The pursuit of happiness is so important, America's founding fathers put it in the Declaration of Independence. Any zookeeper will tell you animals need enrichment, just like humans do. So painting, and even music, are part of the Smithsonian National Zoo's program to keep the animals happy. VOA’s June Soh met some animal artists at the zoo in Washington. Faith Lapidus narrates.
Video

Video Worldwide Photo Workshops Empower Youth

Last September, 20 young adults from South Sudan took part in a National Geographic Photo Camp. They are among hundreds of students from around the world who have learned how to use a camera to tell the stories of the people in their communities through the powerful medium of photography. Three camp participants talked about their experiences recently on a visit to Washington. VOA’s Julie Taboh reports.
Video

Video Saudi, Yemen Developments Are Sudden Complications for Obama

The death of Saudi Arabia's King Abdullah and the collapse of Yemen’s government have cast further uncertainty on U.S. efforts to fight militants in the Middle East and also contain Iran’s influence in the region. VOA White House correspondent Luis Ramirez reports on the new complications facing the Obama administration and its Middle East policy.
Video

Video Progress, Some Areas of Disagreement in Cuba Talks

U.S. and Cuban officials are reporting progress from initial talks in Havana on re-establishing diplomatic ties. U.S. Assistant Secretary of State (for Western Hemisphere Affairs) Roberta Jacobson said while there was agreement on a broad range of issues, there also are some “profound disagreements” between Washington and Havana. VOA State Department correspondent Pam Dockins has the story.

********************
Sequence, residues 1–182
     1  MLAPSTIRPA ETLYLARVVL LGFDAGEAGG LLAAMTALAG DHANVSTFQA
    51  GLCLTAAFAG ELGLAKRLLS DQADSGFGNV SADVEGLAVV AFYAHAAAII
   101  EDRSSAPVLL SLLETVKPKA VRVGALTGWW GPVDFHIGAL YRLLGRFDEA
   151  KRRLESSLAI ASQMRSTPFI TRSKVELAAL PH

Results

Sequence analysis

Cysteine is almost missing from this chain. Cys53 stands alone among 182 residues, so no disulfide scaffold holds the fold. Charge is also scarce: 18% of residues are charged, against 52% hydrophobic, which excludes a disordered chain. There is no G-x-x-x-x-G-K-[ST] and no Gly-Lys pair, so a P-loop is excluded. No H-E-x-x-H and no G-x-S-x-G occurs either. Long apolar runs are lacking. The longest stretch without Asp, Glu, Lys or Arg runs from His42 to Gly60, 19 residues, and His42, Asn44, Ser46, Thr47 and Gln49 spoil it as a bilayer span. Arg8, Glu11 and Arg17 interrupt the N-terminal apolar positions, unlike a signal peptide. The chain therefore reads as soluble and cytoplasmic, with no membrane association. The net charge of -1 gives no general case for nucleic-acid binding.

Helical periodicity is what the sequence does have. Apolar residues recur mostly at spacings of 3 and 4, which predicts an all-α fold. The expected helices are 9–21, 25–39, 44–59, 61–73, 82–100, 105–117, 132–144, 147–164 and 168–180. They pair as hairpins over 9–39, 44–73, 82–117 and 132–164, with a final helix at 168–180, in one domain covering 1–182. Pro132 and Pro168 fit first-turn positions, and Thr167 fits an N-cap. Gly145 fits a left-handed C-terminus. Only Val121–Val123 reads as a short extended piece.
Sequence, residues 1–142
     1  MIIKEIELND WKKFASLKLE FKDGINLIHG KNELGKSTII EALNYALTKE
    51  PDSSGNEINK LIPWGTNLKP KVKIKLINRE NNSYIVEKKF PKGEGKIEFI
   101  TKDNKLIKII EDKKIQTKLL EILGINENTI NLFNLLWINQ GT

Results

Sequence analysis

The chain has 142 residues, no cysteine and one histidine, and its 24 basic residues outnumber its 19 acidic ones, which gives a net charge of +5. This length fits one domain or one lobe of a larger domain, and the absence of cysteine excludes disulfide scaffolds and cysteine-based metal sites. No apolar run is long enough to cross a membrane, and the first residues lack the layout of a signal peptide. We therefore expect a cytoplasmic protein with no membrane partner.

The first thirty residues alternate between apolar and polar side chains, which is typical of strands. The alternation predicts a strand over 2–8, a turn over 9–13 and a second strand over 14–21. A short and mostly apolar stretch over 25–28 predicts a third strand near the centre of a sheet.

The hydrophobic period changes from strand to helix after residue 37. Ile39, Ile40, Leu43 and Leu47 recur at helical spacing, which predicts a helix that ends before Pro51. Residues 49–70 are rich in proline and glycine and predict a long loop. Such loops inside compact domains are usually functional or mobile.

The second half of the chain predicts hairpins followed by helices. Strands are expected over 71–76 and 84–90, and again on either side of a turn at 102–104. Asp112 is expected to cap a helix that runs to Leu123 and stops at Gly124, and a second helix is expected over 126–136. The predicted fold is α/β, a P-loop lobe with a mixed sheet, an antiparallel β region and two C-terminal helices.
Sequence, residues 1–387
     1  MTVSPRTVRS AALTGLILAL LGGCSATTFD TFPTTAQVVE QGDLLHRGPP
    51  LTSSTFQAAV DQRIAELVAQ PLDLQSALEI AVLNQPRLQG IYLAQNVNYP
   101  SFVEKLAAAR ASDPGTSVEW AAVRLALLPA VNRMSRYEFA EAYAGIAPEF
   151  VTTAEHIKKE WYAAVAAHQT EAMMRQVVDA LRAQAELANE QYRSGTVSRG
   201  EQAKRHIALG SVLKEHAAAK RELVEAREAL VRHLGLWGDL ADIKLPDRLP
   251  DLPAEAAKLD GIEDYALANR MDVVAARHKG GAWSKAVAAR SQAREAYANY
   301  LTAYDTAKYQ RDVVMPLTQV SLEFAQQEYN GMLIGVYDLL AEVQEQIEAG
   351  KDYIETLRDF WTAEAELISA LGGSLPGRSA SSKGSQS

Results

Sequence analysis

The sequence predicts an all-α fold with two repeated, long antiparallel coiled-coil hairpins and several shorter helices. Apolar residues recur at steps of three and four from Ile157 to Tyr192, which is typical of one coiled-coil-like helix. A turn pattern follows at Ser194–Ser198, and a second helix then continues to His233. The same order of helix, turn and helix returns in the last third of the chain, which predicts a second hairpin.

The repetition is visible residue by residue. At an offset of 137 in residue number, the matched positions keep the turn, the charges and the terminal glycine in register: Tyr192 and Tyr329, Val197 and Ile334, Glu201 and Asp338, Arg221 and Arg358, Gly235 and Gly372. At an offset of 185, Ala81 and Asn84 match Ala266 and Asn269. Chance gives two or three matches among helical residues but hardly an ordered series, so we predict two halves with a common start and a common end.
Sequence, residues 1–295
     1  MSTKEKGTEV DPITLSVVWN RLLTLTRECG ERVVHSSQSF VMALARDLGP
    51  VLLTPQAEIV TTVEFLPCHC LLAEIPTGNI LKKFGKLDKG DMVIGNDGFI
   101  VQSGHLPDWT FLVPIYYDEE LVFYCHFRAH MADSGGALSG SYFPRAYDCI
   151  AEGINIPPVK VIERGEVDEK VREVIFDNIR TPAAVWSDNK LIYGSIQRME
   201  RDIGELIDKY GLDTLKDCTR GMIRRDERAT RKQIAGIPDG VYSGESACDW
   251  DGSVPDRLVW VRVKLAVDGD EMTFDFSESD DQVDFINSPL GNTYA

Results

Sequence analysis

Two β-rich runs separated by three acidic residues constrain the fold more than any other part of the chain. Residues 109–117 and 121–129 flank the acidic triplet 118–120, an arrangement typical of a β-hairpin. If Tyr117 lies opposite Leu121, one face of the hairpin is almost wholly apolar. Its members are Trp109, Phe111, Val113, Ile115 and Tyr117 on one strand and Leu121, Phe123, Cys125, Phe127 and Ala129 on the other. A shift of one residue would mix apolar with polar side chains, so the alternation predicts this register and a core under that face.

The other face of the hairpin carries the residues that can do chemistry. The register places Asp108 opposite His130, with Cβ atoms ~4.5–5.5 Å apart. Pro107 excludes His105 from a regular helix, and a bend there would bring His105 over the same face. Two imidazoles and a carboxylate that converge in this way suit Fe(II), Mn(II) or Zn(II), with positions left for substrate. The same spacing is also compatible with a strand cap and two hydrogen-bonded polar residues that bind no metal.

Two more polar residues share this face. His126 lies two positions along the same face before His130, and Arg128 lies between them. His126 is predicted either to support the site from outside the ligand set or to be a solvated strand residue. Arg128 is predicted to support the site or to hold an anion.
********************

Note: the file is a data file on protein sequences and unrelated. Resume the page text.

Video

Video US, Japan Offer Lessons as Eurozone Launches Huge Stimulus

The Euro currency has fallen sharply after the European Central Bank announced a bigger-than-expected $67 billion-a-month quantitative easing program Thursday - commonly seen as a form of printing new money. Henry Ridgwell reports for VOA from London on whether the move might rescue the eurozone economy -- and what lessons have been learned from similar programs around the world.
Video

Video Nigerian Elections Pose Concern of Potential Conflict in 'Middle Belt'

Nigeria’s north-central state of Kaduna has long been the site of fighting between Muslims and Christians as well as between people of different ethnic groups. As the February elections approach, community and religious leaders are making plans they hope will keep the streets calm after results are announced. Chris Stein reports from the state capital, Kaduna.
Video

Video As Viewership Drops, Obama Puts His Message on YouTube

Ratings reports show President Obama’s State of the Union address this week drew the lowest number of viewers for this annual speech in 15 years. White House officials anticipated this, and the president has decided to take a non-traditional approach to getting his message out. VOA White House correspondent Luis Ramirez reports.
Video

Video S. Korean Businesses Want to End Trade Restrictions With North

Business leaders in South Korea are calling for President Park Geun-hye to ease trade restrictions with North Korea that were put in place in 2010 after the sinking of a South Korean warship.Pro-business groups argue that expanding trade and investment is not only good for business, it is also good for long-term regional peace and security. VOA’s Brian Padden reports.

Circumventing Censorship

An Internet Primer for Healthy Web Habits

As surveillance and censoring technologies advance, so, too, do new tools for your computer or mobile device that help protect your privacy and break through Internet censorship.
More

All About America

AppleAndroid